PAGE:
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Court ruling backing transgender teen jolts larger debate

This Aug. 25, 2015 photo shows Gavin Grimm leaning on a post on his front porch during an interview at his home in Gloucester, Va. (Photo by Steve Helber/AP)
This Aug. 25, 2015 photo shows Gavin Grimm leaning on a post on his front porch during an interview at his home in Gloucester, Va.
When North Carolina Republicans rushed through its controversial HB2 law, Gov. Pat McCrory (R) insisted the discriminatory policy wouldn't affect job creation in the state. The evidence is now overwhelming that the governor was wrong, with another tech company scrapping a job-creating project in North Carolina this week.
What McCrory needs is a way out of the mess he and his allies created. Last week's executive orders were intended to help resolve matters, but they did little to end the controversy.
Is there a face-saving solution that North Carolina Republicans could implement before matters get even worse? Maybe. Consider MSNBC's report yesterday on an important appeals court ruling out of Virginia.

In a major victory for LGBT advocates fighting legislative attempts to keep transgender people out of the bathrooms corresponding with their gender identities, a federal appeals court on Tuesday sided with the Obama administration's interpretation that an existing federal statute banning sex discrimination in education also protects transgender students seeking equal access to bathrooms and facilities. The 2-1 decision from the 4th Circuit Court of Appeals reverses a lower court's determination that a transgender boy did not have grounds to sue his Virginia school board under Title IX of the 1972 Education Amendments over a policy requiring him to stay out of the boys' bathroom.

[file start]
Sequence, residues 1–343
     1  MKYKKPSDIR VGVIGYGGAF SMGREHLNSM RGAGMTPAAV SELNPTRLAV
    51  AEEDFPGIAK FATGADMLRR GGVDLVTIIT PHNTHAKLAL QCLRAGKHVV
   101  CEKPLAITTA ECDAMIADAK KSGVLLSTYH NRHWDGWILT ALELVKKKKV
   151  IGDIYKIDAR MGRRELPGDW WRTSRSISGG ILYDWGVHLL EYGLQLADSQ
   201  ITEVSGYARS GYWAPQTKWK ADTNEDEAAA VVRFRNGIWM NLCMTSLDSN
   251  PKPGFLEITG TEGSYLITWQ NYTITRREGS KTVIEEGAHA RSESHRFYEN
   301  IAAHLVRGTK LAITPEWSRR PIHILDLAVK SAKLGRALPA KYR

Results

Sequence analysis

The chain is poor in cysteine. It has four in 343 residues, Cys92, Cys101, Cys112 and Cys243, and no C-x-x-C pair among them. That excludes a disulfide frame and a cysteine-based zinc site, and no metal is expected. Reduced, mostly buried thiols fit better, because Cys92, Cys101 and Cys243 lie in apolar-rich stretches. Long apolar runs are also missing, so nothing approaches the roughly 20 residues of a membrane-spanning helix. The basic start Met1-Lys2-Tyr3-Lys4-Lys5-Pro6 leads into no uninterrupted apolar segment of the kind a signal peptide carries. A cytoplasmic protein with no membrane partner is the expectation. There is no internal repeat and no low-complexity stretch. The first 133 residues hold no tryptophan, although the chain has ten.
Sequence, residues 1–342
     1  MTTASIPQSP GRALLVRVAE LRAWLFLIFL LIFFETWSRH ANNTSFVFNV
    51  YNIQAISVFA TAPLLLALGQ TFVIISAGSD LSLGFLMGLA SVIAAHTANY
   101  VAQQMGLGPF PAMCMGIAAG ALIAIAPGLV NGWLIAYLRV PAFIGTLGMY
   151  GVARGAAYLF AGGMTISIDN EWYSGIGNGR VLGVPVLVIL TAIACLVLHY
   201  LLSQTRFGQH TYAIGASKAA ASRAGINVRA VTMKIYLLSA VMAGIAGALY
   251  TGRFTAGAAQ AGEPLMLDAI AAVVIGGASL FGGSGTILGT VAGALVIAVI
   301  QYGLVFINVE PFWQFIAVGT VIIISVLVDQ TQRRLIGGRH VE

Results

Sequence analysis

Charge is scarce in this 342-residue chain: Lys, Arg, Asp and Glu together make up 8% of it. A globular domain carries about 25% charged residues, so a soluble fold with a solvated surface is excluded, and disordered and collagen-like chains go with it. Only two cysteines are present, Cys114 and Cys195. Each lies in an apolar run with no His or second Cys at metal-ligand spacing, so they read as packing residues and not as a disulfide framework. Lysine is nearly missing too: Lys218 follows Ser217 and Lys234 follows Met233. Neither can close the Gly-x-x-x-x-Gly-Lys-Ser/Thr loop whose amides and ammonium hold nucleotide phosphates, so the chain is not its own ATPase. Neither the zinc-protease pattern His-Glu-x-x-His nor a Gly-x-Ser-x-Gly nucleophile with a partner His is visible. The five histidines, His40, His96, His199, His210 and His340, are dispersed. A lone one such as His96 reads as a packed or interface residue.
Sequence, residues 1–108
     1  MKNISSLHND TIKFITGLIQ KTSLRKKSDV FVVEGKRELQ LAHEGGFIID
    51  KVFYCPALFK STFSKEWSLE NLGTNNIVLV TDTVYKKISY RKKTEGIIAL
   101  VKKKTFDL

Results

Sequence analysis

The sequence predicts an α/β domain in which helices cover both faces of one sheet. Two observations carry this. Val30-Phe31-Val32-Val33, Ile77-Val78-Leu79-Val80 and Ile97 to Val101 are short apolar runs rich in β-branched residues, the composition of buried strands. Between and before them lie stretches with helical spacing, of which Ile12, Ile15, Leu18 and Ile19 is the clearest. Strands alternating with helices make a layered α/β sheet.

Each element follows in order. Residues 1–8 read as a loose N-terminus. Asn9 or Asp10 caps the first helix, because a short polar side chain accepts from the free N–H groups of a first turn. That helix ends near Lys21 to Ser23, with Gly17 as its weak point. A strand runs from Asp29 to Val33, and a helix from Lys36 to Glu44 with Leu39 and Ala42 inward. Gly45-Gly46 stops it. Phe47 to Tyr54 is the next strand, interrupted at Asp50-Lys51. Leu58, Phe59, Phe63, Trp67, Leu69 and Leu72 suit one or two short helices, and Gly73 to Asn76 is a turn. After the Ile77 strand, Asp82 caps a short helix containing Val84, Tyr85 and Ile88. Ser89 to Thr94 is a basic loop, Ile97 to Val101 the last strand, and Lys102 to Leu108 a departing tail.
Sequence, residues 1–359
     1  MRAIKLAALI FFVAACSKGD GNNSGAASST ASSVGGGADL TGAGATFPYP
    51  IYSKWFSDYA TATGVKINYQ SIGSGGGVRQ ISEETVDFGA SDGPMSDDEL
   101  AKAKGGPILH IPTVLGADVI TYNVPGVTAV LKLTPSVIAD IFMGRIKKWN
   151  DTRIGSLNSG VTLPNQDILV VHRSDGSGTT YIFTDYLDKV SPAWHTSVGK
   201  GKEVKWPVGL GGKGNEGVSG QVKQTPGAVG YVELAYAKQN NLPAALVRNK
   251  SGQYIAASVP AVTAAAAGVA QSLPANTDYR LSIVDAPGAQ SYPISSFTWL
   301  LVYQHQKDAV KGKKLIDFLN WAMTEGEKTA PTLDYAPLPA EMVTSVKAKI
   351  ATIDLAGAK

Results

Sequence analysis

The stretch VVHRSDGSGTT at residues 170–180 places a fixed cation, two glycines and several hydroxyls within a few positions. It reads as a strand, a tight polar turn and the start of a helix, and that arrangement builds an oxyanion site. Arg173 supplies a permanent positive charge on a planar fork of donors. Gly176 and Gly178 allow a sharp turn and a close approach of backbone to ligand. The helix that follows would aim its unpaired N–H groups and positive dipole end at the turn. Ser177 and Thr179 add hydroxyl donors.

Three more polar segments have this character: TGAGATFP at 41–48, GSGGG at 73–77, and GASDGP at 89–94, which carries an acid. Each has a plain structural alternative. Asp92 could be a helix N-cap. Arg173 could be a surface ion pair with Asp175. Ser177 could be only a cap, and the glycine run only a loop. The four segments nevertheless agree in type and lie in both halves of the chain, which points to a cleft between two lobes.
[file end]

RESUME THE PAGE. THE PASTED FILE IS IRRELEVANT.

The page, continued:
This specific case involving a Virginia high-school student is not yet resolved, but the 4th Circuit yesterday sent the case back to the district level with instructions that support the boy's Title IX claim.
And that ruling is of direct relevance to North Carolina's law, which was created in part to prevent transgender people from using restrooms in line with their gender identities.
As MSNBC's report added, the ACLU and Lambda Legal issued a joint statement yesterday noting, "Today's ruling makes plain that North Carolina's House Bill 2 violates Title IX by discriminating against transgender students and forcing them to use the wrong restroom at school."
WRAL in Raleigh reported yesterday that McCrory's office is aware of the ruling in the Virginia case, and the governor "wants to hear from state lawyers about whether schools can keep implementing the law while the Virginia defendants consider whether to appeal."
Here's a radical idea: maybe now would be a good time for McCrory and his team to declare, "While we'd love to keep HB2 in place, that darned court ruling suggests we should go ahead and repeal the law immediately."
The 4th Circuit wasn't trying to throw the North Carolina governor a life-preserver, but it did. McCrory and the Republican-led state legislature would be wise to take advantage of the opportunity.